by Donella Hosten
Attorney-at-Law Anslem Clouden continues to lobby for legislation for the fisherfolk of Grenada, Carriacou and Petite Martinique to be able to fish within the State’s waters.
At a recent press conference, he said lack of access for fishermen to manage their livelihood is a present situation. He said Carriacou fishermen still cast their nets off [privately owned] Isle de Ronde and “catch a lot of stuff,” but he doesn’t think they can do that off [privately owned] Calivigny Island, which traditionally, they had been able to do.
According to Clouden, this situation could be avoided once the laws are put in place. He recently stated that “in coastal law, in developing coastal resources such as hotels, in close proximity to the beach, does not in the first instance give a carte blanche permission to a developer to restrict the area in front of his hotel for his guests only.”
Clouden expressed his dissatisfaction with what is happening, using the example that local fisherfolk are not allowed to fish off the coastal area of Calivigny Island. “The beaches of those islands must be made accessible to the public at large,” and fishermen must be allowed to fish in the waters surrounding those islands without being inhibited in any form or fashion. Additionally, he believes that Grenadians ought to have access to the coastal zones as well as to the territorial sea, “so that there can be no claim of water rights by those who own offshore islands within the territorial sea of Grenada, Carriacou and Petite Martinique.”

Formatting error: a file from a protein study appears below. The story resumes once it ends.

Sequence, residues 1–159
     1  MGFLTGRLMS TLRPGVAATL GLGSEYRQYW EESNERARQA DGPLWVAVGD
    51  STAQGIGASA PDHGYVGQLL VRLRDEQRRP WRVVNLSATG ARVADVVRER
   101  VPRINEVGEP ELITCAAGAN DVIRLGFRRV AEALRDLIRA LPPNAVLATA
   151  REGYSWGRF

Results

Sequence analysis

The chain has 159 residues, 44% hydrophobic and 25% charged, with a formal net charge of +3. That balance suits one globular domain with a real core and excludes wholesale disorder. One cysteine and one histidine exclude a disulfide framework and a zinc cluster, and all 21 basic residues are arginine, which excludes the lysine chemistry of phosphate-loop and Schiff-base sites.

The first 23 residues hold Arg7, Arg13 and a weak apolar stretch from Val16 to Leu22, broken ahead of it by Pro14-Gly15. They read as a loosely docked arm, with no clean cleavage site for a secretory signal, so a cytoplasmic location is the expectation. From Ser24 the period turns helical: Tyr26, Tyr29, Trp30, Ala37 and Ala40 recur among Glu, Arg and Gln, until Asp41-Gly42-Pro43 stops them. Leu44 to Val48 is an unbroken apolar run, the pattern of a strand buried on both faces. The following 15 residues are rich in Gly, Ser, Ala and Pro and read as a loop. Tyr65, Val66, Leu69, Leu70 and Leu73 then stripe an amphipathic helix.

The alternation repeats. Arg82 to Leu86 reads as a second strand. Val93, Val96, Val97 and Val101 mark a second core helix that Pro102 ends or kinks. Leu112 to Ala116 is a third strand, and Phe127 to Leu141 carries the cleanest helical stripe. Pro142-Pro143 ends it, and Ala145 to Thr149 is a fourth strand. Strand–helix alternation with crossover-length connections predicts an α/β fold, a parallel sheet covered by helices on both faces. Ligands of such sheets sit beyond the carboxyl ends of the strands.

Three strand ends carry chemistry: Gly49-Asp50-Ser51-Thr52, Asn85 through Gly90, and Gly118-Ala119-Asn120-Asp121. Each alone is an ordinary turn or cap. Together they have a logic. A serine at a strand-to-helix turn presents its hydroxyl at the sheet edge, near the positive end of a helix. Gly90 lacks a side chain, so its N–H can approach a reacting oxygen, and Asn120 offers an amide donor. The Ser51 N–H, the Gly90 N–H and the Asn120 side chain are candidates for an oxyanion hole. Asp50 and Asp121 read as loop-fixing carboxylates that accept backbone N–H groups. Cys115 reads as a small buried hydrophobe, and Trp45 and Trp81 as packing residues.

He added that Grenada is a signatory to the United Nations Convention on the Law of the Sea which regulates the juridical status of coastal states. The convention entered into force on 16 November 1994 and governs all aspects of ocean space, such as delimitation, environmental control, marine scientific research, economic and commercial activities, transfer of technology and the settlement of disputes relating to ocean matters.
According to Clouden, International Maritime Law states that the beaches and the territorial waters are within the state’s jurisdiction. The State of Grenada comprises Grenada island, its dependencies Carriacou and Petite Martinique, and several Grenadines including Calivigny Island.
Clouden called for a comprehensive piece of legislation dealing with access to the public domain, and said it is pertinent to pass appropriate legislation with respect to persons holding property islands, where the beaches of these islands must be made accessible to the public at large, where fisherman are allowed to fish waters surrounding those islands without being inhibited in any form or fashion. “That is the natural heritage of Grenadians.”